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The Soccer Sidelines

131 EpisodesProduced by David DejewskiWebsite

Join Coach Dave on the sidelines as he brings you in on what’s going on behind the scenes and the stuff that really matters in youth sports. Understand the game, development, and ways you can support your young athlete at home!

17:21

#42 – Resilience in Sports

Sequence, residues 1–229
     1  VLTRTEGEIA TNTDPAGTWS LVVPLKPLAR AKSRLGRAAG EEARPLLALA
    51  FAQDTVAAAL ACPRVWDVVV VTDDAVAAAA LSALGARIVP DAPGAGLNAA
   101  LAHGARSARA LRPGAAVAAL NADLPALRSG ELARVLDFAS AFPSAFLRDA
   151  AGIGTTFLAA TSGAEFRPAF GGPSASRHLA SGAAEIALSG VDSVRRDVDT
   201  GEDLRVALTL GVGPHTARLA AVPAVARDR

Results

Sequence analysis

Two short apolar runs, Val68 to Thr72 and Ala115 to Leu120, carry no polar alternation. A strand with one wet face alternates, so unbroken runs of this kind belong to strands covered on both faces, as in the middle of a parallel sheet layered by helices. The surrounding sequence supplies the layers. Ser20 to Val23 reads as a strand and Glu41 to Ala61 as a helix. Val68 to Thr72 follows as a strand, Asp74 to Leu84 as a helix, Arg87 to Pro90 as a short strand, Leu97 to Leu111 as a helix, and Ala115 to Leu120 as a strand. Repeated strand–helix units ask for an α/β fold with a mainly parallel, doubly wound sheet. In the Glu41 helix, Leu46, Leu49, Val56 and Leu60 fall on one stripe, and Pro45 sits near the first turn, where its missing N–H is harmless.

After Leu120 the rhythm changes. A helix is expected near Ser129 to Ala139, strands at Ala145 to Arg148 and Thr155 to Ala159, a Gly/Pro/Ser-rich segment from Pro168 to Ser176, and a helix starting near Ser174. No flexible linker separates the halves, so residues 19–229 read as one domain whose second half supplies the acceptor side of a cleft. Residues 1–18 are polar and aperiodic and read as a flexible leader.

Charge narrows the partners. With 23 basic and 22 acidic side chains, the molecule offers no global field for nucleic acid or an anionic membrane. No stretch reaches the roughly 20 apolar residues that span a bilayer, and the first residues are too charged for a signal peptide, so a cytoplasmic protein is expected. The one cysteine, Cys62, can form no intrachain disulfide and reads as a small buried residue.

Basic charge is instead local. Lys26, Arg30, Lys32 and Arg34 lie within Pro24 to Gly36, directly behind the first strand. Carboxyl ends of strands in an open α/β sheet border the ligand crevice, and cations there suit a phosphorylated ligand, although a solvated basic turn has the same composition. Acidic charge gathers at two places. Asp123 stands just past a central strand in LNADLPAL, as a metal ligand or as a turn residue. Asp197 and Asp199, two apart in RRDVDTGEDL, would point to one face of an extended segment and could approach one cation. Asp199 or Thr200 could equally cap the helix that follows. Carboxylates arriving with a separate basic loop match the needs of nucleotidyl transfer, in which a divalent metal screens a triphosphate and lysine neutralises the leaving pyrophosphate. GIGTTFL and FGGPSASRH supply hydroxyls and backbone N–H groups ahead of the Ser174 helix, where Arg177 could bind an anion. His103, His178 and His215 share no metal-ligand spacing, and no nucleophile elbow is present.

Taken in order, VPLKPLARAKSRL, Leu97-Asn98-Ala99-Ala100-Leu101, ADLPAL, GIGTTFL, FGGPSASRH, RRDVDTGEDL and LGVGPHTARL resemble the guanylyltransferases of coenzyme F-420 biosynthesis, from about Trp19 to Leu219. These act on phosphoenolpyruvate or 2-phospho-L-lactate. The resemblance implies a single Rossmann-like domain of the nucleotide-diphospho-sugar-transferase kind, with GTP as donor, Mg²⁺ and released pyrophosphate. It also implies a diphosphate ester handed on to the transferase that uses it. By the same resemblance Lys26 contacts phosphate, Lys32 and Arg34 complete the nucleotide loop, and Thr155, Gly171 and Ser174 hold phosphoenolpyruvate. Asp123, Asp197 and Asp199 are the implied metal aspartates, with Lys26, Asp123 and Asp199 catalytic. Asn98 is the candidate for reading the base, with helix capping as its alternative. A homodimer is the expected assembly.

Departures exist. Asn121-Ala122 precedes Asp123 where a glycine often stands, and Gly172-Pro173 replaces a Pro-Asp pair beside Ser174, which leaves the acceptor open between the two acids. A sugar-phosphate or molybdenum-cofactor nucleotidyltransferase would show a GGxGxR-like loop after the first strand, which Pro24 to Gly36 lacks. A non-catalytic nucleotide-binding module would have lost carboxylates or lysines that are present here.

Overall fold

Making Lemonade out of LemonsThose with the power to take anything that is thrown their way and turn it into something positive truly have the power to save the world. When instead of seeing lemons, we see lemonade - when instead of seeing failure, we see opportunity, we rise above the common person and become invincible. Power is not in the illusion of control of the world around us, but in our ability to perceive the world around us in a healthy and productive way - no matter what comes our way. Youth Sports provides one of the best environments for young people to come to understand the power of perception - and as a consequence, the power of resilience. Getting knocked down and getting back up... experiencing failures and celebrating victories... Learning the relationship between the work we put in and the impact it has on our bodies, our minds, our spirit, and our team... Youth sports gives us the gift of thousands of teachable moments. We just need the ability to find and activate those moments to score in life in a big way. By Photographer unidentified. Retouched by TimofKingsland. [Public domain], via Wikimedia CommonsEdmund HillaryMountaineer and ExplorerIt's not the mountain that we conquer but ourselves. You're Either Winning or LearningAs a general rule, we're not all that much different from one another. Most of us have the same basic human abilities to adapt to our environment. We've adapted to life through many ages - from pre-historic cold through plagues - from under the seas to the top of Mount Everest. We ask questions of ourselves, throw our spirit against a thing which seems at first insurmountable, and over and over again, we emerge as winners or we learn. As a people, we never lose. We just try again. As a person, we each have that spirit within us. Nelson Mandela, after being badly beaten and thrown in jail for 27 years for his part in leading revolution in South Africa, became perhaps one of the world's most recognized leaders. Evidence of his resilience was shared with the world in one simple quote: "I never lose. I either win or I learn." If a man like Nelson Mandela can emerge after 27 years of fighting from a jail cell and declare to the world that he can "never lose," we have the power to emerge from a bad play or a bad game of youth soccer without being defeated. Where to Find Resilience on the Soccer PitchI don't think resilience comes naturally to everyone. Some kids tend to give up and walk away when things get tough. I do believe, however, that resilience can be learned, and if the environment is set up in such a way as to recognize and promote resilience, it can be absorbed by everyone who participates. Youth sports is going to provide kids lots of opportunities to practice resilience. Every time something doesn't work as planned, they get to practice. Every missed shot, every lost tackle, every time they step on the ball and pull a Charlie Brown, they get to practice. The key, I believe, is in what happens immediately following the opportunity to practice. When a player whiffs a ball and pulls a Charlie Brown (this happens to everyone), coaches and parents have a choice. Do we make it okay? Do we celebrate the whiff as a right of passage and something the player was "finally" able to do - meaning that they are maturing as a soccer player? Or do we cringe and send a signal that the whiff experience is embarrassing and should be avoided at all costs?The way we set up our environment on the pitch and at home make a big difference in whether a child is going to be willing to attempt a hard thing a second time - or tell themselves not to try. Trying again is a key ingredient in resilience. Our OpportunitiesOpportunities to teach / learn resilience on a soccer pitch are everywhere. I always assume that stuff happens off the pitch before kids ever show up. They may have had a rough day. Home life might not be the best. They may have had a fight in school.

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